Three tips for storing tea

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Ali Evans, Canton's Head of Tea, shares her tips on how to store tea in the food service environment.

1. Dark and airtight

Exposure to oxygen allows the tea leaves to continue to oxidise, which can change the flavour. To avoid this, store your tea a cool, dry, dark environment in an airtight container.

You don’t need to invest in fancy storage for your tea. Yes, an airtight tin or tea caddy makes it a little easier, but a snaplock plastic box, or kilner jar work equally as well providing you keep them in the dark. Tea can also be stored in its kraft paper pack as long as this is sealed with an elastic band or bulldog clip. Just remember to squeeze as much air out of the bag first before sealing.

Handy hint: You can reseal our kraft paper tea packages with a cheap pair of electric hair straighteners.

2. Cool and dry

Tea can absorb moisture and food odours, and heat also speeds up the oxidisation process, so store your tea away from your cooker and never in the fridge.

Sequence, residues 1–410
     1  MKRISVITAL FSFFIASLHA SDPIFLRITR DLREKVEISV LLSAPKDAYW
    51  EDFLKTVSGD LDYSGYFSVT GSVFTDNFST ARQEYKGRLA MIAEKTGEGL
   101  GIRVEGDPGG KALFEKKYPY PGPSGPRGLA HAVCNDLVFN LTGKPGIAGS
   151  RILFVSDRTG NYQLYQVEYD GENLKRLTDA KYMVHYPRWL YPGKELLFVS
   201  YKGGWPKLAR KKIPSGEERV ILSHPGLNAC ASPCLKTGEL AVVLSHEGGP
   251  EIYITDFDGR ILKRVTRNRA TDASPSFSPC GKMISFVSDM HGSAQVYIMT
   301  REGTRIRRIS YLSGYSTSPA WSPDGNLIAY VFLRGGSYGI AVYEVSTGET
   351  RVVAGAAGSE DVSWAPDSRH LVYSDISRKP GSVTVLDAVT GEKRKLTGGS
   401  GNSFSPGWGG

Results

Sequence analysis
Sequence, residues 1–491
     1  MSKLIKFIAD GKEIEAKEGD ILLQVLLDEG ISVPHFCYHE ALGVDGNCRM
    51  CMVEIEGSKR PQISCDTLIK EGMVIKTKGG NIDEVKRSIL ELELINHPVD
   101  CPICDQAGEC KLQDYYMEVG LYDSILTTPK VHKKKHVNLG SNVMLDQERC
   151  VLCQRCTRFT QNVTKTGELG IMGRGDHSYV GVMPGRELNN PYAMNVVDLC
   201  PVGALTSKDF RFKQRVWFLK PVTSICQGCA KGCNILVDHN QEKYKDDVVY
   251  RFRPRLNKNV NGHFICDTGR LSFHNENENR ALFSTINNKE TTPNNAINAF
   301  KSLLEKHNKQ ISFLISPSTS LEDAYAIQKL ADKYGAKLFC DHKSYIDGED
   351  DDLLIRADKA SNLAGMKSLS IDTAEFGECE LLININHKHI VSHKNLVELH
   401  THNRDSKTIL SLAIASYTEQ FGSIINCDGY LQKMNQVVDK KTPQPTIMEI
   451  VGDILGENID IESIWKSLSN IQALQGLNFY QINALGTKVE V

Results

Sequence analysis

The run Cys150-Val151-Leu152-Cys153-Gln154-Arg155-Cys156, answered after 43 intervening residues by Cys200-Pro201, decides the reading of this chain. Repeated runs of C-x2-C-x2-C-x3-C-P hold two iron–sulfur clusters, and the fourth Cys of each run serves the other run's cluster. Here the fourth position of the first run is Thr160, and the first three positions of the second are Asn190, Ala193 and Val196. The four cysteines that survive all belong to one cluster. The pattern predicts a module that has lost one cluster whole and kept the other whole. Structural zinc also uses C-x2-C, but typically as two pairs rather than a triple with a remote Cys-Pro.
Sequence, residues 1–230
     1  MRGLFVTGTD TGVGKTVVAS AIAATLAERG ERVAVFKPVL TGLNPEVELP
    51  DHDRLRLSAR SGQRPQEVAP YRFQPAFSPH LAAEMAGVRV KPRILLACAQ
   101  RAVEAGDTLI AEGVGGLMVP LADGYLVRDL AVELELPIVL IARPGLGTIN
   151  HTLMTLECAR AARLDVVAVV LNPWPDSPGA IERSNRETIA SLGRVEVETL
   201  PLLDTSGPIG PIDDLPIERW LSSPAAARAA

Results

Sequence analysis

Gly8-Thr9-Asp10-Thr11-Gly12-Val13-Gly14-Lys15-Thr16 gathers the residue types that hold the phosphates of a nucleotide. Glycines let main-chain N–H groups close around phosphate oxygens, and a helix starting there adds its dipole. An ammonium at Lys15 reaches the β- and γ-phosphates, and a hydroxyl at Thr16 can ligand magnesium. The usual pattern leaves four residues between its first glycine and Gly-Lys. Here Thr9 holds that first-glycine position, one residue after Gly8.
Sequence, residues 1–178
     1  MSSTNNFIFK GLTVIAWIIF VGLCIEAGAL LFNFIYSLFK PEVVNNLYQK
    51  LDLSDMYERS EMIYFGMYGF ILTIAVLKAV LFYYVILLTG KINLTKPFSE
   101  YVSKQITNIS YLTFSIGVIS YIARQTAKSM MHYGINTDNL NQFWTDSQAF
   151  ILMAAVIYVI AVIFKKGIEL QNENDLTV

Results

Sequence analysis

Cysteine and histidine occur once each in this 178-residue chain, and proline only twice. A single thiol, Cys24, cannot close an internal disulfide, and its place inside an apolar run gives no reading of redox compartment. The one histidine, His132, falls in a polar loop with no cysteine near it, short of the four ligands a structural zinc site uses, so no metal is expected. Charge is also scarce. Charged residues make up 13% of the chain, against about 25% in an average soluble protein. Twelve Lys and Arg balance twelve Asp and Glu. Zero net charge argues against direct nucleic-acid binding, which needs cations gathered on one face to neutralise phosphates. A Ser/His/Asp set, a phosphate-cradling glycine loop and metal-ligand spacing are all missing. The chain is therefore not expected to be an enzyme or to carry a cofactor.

3. Consistency is key

Avoid storage areas that suffer from big changes in temperature, either through sunlight or central heating or in a hot working kitchen.

The only exception to these rules is puerh, which needs to be exposed to the air to encourage the aging process that is unique to this tea. Porous Yixing tea storage pots are the best way to store loose puerh. Puerh cakes are best stored on a wooden shelf in a cool, dry, dark room with some ventilation and a constant ambient temperature.

Properly stored, green tea should stay in good shape for between 6 and 18 months. Oolong and black teas last longer, some dan congs are deliberately aged. Raw and good quality cooked puerh will improve with age.


For more advice on how to store tea and the tea storage solutions we have availabe, please contact your Canton account manager.



POS Tea Storage Tins

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